Generation Y has already upset plenty of media businesses with its unconventional consuming habits. Another sector may be about to get smacked—cable and satellite television. Jeffrey Cole, director of the Center for the Digital Future at USC, made that call in his dinner speech for a group of chief marketing officers last night. The dinner was part of a conference in Chicago sponsored by Bloomberg Businessweek.
People in their 20s and younger no longer buy print newspapers, music CDs, land-line phones or watches, Cole noted. (I don’t think they listen to over-the-air radio, either.) Now, Cole said his research has detected that they’re not signing up for cable or satellite TV like prior generations. Instead, they’re watching video on laptops or even their cell phones.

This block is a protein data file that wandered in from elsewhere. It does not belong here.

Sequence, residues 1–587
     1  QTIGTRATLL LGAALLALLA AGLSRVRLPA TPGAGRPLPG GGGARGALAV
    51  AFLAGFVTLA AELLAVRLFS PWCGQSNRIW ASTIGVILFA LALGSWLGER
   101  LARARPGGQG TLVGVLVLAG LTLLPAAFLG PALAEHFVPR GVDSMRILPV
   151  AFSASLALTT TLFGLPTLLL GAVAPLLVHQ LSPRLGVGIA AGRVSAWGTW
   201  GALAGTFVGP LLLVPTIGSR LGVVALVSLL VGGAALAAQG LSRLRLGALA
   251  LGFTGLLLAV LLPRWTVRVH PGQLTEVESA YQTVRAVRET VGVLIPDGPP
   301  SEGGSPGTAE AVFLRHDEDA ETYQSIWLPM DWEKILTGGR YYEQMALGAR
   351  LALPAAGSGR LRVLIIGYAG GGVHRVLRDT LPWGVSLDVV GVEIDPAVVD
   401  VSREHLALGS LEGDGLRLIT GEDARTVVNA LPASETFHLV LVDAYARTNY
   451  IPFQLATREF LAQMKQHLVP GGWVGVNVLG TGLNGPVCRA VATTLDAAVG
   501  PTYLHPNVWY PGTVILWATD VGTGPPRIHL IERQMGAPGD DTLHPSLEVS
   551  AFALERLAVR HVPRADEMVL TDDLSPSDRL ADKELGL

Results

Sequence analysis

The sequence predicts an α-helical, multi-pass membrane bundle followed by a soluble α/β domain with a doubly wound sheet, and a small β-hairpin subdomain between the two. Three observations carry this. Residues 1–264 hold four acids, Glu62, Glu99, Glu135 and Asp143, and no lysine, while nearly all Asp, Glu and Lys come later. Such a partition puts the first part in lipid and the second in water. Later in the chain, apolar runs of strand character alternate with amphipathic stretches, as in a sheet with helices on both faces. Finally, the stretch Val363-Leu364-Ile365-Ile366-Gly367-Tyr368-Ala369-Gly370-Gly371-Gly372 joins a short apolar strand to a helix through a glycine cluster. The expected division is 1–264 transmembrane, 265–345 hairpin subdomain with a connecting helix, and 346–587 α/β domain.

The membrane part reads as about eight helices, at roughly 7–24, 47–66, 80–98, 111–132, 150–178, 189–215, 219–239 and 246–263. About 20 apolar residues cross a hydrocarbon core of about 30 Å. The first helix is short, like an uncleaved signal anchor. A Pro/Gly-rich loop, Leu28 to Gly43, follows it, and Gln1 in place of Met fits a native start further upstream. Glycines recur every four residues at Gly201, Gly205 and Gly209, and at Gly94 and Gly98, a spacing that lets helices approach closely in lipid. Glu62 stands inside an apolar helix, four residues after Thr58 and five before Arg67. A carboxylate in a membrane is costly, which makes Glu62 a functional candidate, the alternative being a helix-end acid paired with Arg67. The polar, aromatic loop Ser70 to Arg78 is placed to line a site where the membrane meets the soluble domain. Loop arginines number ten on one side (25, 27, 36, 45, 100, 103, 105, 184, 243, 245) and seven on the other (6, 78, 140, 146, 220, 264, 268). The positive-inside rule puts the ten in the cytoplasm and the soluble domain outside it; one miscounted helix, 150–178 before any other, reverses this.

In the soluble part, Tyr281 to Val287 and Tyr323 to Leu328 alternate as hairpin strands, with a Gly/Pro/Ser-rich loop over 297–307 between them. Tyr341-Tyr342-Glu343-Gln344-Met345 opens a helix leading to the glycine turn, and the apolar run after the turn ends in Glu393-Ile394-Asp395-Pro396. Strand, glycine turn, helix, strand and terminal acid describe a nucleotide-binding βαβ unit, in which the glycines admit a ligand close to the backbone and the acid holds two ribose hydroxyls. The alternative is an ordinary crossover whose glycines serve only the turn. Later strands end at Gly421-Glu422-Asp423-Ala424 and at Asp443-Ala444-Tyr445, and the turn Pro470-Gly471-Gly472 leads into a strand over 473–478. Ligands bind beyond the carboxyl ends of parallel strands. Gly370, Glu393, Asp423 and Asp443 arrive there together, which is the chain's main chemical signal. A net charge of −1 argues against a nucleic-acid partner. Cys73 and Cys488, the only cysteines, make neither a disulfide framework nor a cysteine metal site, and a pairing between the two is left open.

Cole also predicted that most newspapers have just five more years before they’re killed by the Internet. (Cue up Ziggy Stardust.) A handful will survive: New York Times, Wall Street Journal, USA Today, and Washington Post. Women’s magazines will live on, too, since readers buy them as much for the ads as the editorial content. He didn’t give odds for us.
What comes next? The Bloomberg Businessweek Innovation and Design blog chronicles new tools for creativity and collaboration, innovation case studies in both the corporate and social sectors, and the new ideas that have the power to change the way things have always been done.